You. Guys. This happened today, and I am unbelievably excited. Less than a year to go. Discuss.
The first Skyfall (next installment of Daniel Craig’s James Bond) teaser trailer was released yesterday on www.007.com, and I immediately checked it out. Casino Royale was the promising start of Daniel Craig’s psychological James Bond, who, though good with the ladies, was not exactly the double-entendre-spouting Sean Connery Bond or the debonaire, light-hearted Pierce Brosnan of years past. Casino Royale was much truer to Fleming’s original novel, which I had a great time reading and discussing through Lit Housewife’s Shaken Not Stirred Challenge, and I was eager to see where the franchise would go. Unfortunately, Quantum of Solace was a dud. It boasted a half-hearted story line, an oil-slicked dead girl, and a nonsensical plot.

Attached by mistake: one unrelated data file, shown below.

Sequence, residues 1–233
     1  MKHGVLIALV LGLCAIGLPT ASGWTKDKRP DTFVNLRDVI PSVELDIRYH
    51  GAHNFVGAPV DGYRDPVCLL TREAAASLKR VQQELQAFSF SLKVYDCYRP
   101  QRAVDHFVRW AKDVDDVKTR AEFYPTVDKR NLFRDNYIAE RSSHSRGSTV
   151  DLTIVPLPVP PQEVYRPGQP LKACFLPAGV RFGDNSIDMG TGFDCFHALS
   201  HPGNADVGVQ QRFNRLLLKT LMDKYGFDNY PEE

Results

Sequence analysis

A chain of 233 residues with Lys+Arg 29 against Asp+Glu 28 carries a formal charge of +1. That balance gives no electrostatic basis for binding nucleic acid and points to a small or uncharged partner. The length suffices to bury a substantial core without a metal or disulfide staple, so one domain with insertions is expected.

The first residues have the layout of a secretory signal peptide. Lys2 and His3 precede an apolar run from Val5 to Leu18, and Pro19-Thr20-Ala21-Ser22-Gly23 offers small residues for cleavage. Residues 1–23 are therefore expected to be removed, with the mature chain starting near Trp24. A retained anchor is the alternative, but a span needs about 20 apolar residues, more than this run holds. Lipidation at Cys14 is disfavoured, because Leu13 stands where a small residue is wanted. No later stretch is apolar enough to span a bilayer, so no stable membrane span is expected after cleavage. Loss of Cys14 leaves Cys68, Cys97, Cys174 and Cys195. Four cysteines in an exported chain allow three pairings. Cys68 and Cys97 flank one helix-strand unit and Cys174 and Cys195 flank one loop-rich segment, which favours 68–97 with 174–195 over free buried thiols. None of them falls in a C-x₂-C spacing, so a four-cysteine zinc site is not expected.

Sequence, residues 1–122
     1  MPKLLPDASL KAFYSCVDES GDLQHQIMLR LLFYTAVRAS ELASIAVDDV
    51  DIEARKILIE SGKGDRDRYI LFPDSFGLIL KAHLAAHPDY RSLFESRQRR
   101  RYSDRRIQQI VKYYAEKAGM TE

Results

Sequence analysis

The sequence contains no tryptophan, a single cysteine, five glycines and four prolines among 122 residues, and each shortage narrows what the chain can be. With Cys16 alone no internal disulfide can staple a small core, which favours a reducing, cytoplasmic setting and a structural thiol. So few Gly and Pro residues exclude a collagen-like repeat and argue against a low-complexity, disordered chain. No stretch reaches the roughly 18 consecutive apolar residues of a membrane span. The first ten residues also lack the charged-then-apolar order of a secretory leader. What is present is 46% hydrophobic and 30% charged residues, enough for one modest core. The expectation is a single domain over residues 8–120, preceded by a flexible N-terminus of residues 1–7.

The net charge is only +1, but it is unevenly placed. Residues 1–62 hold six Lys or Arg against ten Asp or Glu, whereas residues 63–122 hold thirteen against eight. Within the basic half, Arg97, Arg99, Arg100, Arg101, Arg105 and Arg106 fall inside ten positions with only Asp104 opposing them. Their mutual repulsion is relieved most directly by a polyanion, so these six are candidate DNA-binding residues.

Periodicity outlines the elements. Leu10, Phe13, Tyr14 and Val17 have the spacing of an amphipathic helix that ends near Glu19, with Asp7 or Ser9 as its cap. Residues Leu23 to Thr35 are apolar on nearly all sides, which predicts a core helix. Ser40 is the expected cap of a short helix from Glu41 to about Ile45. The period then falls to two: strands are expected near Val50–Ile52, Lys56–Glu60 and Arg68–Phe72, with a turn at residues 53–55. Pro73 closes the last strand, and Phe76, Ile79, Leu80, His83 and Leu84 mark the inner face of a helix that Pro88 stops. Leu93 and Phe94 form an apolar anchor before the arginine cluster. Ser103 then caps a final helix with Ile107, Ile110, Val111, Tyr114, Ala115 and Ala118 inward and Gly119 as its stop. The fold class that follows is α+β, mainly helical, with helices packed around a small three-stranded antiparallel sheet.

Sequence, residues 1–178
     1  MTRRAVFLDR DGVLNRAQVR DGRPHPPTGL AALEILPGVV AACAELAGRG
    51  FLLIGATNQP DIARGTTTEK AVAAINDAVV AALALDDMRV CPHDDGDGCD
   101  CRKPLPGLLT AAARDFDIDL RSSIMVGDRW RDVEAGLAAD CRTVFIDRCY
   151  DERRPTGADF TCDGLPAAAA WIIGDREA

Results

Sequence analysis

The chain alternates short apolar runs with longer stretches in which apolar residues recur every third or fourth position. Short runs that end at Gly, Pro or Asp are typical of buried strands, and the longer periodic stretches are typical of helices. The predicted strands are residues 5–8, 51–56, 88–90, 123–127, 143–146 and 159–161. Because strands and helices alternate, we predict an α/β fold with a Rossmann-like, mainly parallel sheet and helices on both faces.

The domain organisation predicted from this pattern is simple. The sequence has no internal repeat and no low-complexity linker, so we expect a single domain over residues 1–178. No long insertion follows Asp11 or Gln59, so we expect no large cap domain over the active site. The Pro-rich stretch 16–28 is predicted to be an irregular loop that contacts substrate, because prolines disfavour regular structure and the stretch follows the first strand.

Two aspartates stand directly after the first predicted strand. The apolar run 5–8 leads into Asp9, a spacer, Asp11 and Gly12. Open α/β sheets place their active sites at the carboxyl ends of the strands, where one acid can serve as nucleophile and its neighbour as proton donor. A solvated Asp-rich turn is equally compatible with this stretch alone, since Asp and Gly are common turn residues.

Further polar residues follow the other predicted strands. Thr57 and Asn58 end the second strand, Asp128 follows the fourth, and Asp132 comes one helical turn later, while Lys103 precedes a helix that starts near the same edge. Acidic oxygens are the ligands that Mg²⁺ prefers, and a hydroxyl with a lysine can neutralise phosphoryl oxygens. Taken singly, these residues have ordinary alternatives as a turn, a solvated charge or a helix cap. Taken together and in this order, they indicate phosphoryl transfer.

Since then, I’ve waited impatiently for the next film. Monday’s teaser trailer was…well, just a tease. As is typical with these trailers, you really have no sense of “story” – instead, you just get to see some action shots in no particular order. Make sure you check the teaser trailer out first, but I wanted to go through it for fun to see what we can expect come November.
[Lot of loud, staccato music but no Bond theme.]
“Some men are coming to kill us. We’re going to kill them first.”
Yeah, I really don’t like that weird word association business. I feel like I’m studying for the GRE. I almost thought it was a joke at first. But no. And then the classic Bond, calm and calculating in the last line. Now to the images:
Interrogation room. Stark, cold light. If this old dude is the villain, I think we’re ok. Interrogation room almost looks like a hospital, and thus I am creeped out because it feels like the beginnings of a horror flick. Moving on…